Coronavirus (COVID-19)

UN chief urges WHO to approve Sputnik V

RT – The United Nations would welcome the World Health Organization’s approval of Russia’s Sputnik V Covid-19 vaccine, UN Secretary General Antonio Guterres has said, while hailing the importance of the jab in tackling the pandemic.

The UN believes that “Sputnik V is one the key elements that will allow us to solve the vaccination problem,” Guterres said following talks with Russia’s Foreign Minister Sergey Lavrov in Moscow on Wednesday.

Guterres also said that he’s aware that WHO’s process to approve the vaccine is “ongoing”.

The Russian Direct Investment Fund (RDIF), which distributes the vaccine, had filed for accelerated registration of Sputnik V by the WHO in October last year.

However, the UN health agency still hasn’t approved the Russian jab, despite its high efficacy of over 91% in trials, lack of significant side effects, and praise from the international scientific community. Research published in renowned British medical journal The Lancet earlier this year found Sputnik V was “safe and effective,” with all of the trial participants developing Covid-fighting antibodies and none suffering serious side effects.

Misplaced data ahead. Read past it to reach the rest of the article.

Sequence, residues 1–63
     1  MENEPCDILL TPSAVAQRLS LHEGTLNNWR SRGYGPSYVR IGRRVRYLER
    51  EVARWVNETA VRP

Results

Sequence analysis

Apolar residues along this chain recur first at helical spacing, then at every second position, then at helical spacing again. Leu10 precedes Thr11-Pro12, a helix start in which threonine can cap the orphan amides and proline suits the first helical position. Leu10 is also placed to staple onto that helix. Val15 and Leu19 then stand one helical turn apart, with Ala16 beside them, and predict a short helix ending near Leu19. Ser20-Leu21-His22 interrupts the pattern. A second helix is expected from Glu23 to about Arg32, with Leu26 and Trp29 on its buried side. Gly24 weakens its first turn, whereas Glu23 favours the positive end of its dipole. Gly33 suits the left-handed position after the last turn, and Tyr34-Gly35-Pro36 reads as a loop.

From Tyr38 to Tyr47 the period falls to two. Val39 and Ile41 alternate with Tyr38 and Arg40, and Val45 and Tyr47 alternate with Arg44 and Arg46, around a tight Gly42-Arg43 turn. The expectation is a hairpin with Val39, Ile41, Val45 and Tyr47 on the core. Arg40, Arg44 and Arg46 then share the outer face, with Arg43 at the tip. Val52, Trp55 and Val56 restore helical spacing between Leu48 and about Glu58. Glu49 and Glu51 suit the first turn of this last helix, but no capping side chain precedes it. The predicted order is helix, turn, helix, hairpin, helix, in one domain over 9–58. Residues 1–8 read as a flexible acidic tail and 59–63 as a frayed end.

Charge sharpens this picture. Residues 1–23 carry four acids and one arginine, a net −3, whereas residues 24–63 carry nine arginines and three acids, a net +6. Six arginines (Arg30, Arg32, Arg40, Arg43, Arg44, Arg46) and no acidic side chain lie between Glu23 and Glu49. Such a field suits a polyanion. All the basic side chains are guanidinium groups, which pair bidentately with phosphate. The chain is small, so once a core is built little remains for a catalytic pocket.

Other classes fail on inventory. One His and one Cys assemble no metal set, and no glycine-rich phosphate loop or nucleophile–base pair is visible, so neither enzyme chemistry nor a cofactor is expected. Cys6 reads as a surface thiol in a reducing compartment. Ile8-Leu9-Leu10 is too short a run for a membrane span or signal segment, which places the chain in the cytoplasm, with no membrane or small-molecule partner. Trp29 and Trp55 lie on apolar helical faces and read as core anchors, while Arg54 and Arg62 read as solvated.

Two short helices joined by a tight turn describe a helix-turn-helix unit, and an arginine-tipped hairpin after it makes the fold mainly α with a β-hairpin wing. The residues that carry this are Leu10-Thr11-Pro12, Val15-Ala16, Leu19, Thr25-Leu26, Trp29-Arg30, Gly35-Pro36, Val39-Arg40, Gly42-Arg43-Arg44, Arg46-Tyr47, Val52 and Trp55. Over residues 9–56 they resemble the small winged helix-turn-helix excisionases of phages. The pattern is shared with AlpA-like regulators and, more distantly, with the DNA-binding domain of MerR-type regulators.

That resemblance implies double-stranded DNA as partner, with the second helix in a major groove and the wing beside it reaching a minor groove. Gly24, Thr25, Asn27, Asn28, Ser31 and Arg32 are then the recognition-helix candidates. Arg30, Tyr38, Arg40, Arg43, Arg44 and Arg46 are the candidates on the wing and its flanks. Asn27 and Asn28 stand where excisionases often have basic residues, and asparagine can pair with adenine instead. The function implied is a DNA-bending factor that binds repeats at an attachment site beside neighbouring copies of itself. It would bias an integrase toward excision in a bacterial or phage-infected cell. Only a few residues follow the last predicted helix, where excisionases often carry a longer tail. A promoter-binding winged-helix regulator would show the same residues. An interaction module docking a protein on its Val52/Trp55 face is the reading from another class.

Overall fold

Guterres also thanked Russia for providing UN staff with an opportunity to be vaccinated with Sputnik V. “This is a very good sign,” he said. The offer to allocate these free doses of the jab came from Russia’s President Vladimir Putin last year. Many UN employees in Russia have already received the jab, but its wider use by the organization requires approval from the WHO.On Tuesday, the UN chief said that the WHO could greenlight Sputnik V as soon as June or July.

“We’re open to working with other vaccine makers, which we’ve stressed many times already,” the foreign minister said of proposals for boosting production of the Russian-developed jab. If foreign pharma companies show a similar interest, it could lead to “a very positive cooperation,” he added.Lavrov noted that Sputnik V has already been registered in more than 60 countries around the globe, with most of those having already received their first shipments of doses.

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